The third way, which is a variation on the above method is to line all the ribs up on the spar, rather than using the LE as the guide. Then, the ends of the ribs can be trimmed as necessary to let the LE and the TE touch each one as you go like. I prefer the first, using the LE as a starting place, and a straightedge to line up the notches-to-be.

There are two ways to give up your wing. I prefer to get the glue in between the pieces being assembled. Some guys like to pin it all together and then wipe a little glue fillet (a drop with most of the extra scraped off) at each joint. Both ways work. In any case, use a piece of scrap stick to wipe glue into any small cracks, and always get rid of big gobs of glue; they add weight, look bad, and once they dry, are bears to sand or cut!

Before your wing dries, double check to make sure that all the ribs are down flat on the building board, that the LE and TE are touching each rib, and that the spars are all down in their little notches and not sticking part way up. Before we leave this, check to make sure that you have not bent the LE or TE out of line to make it fit up against any rib. Never allow bends, as they set up a stress in the wing..."

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Supplementary file notes



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Sky Bunny (oz12340) by Bill Warner 1988 - model pic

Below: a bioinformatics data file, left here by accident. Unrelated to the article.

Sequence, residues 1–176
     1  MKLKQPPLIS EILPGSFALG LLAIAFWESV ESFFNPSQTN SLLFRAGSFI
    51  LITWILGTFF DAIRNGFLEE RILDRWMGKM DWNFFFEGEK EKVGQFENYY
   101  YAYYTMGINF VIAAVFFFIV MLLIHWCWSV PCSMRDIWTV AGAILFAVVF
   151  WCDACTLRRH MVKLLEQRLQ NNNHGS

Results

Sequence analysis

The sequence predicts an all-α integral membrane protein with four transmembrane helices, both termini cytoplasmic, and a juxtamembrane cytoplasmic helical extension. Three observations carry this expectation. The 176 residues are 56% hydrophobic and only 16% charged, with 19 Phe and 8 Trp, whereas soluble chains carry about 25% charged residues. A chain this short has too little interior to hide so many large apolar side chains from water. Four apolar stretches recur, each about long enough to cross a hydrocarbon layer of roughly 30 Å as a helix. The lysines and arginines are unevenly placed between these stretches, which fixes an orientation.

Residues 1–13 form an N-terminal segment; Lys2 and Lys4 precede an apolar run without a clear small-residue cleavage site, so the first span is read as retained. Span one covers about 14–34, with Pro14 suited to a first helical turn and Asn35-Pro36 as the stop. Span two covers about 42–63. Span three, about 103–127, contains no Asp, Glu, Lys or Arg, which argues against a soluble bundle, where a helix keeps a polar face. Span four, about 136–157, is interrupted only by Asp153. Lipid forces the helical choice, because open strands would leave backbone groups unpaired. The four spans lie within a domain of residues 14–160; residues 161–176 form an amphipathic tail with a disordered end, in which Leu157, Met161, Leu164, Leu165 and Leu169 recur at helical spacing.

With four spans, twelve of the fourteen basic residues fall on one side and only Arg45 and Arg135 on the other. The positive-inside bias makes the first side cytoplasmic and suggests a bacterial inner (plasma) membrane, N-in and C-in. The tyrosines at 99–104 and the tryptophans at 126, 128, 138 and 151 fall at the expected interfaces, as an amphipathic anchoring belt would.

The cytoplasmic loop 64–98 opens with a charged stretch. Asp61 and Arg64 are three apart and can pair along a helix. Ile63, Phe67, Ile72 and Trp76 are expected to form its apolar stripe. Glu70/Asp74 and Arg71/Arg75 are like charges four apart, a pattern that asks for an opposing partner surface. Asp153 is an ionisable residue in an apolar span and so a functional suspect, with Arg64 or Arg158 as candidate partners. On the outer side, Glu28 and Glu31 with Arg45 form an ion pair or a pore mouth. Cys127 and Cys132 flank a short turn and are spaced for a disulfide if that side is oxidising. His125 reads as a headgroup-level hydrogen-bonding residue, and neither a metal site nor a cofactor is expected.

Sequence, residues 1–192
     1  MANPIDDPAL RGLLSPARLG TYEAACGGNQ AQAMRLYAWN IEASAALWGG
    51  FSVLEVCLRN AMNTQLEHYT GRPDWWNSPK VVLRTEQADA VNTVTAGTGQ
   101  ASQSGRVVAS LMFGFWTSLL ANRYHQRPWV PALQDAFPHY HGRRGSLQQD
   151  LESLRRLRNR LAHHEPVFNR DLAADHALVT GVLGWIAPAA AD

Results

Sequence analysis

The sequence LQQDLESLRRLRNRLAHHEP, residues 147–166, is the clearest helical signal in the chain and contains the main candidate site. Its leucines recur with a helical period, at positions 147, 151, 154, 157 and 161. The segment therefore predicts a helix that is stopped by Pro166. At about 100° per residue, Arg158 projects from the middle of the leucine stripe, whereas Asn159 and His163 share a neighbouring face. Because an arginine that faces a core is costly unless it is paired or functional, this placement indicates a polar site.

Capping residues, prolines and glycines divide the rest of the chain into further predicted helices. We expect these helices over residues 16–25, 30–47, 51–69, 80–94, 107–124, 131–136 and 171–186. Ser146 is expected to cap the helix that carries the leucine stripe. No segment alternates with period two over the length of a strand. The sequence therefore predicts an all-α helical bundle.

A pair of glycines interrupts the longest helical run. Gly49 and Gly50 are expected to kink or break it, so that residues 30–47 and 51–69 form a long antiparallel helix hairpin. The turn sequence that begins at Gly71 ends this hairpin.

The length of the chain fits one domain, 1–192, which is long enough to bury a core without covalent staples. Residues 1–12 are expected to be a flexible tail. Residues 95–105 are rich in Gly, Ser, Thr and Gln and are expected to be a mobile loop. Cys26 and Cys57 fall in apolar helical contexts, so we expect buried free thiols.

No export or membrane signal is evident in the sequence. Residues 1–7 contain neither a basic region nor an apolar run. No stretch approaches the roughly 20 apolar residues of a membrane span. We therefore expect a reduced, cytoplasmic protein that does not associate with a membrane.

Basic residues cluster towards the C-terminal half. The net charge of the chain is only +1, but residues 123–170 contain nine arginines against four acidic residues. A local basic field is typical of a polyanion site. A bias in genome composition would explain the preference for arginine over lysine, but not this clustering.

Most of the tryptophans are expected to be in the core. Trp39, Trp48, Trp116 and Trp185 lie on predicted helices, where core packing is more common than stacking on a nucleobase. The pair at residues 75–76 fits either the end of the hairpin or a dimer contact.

• (oz12340)
    Sky Bunny
    by Bill Warner
    from Model Builder
    April 1988 
    19in span
    Rubber F/F
    clean :)
    all formers complete :)
    got article :)
  • Submitted: 23/06/2020
    Filesize: 296KB
    Format: • PDFbitmap
    Credit*: Joost
    Downloads: 1146

Sky Bunny (oz12340) by Bill Warner 1988 - pic 003.jpg
Sky Bunny (oz12340) by Bill Warner 1988 - pic 004.jpg
Sky Bunny (oz12340) by Bill Warner 1988 - pic 005.jpg
Sky Bunny (oz12340) by Bill Warner 1988 - pic 006.jpg
Sky Bunny (oz12340) by Bill Warner 1988 - pic 007.jpg

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User comments

Hello, Attached is a photo for the Sky Bunny [main pic]. Please note that this plan has one thing that is incorrect. The plan shows the wing pylon angling to the rear, but should be angling forward. Thanks,
Brooke Linford - 12/09/2022
Well, my Sky Bunny is now lost to the heavens. It was quite a sight seeing it circle hundreds of feet in the air drifting west until it was out of sight. A fitting tribute to a great design.
Brooke Linford - 11/10/2022
Hi Mary, After losing one Sky Bunny to a thermal, and a second to the top of a 100' conifer, I built a third since they fly so well [pics 006, 007]. I put an adjustable thrust bearing on this one, hence the name and text. Thanks for posting the plan for this excellent stick model.
Brooke Linford - 18/11/2023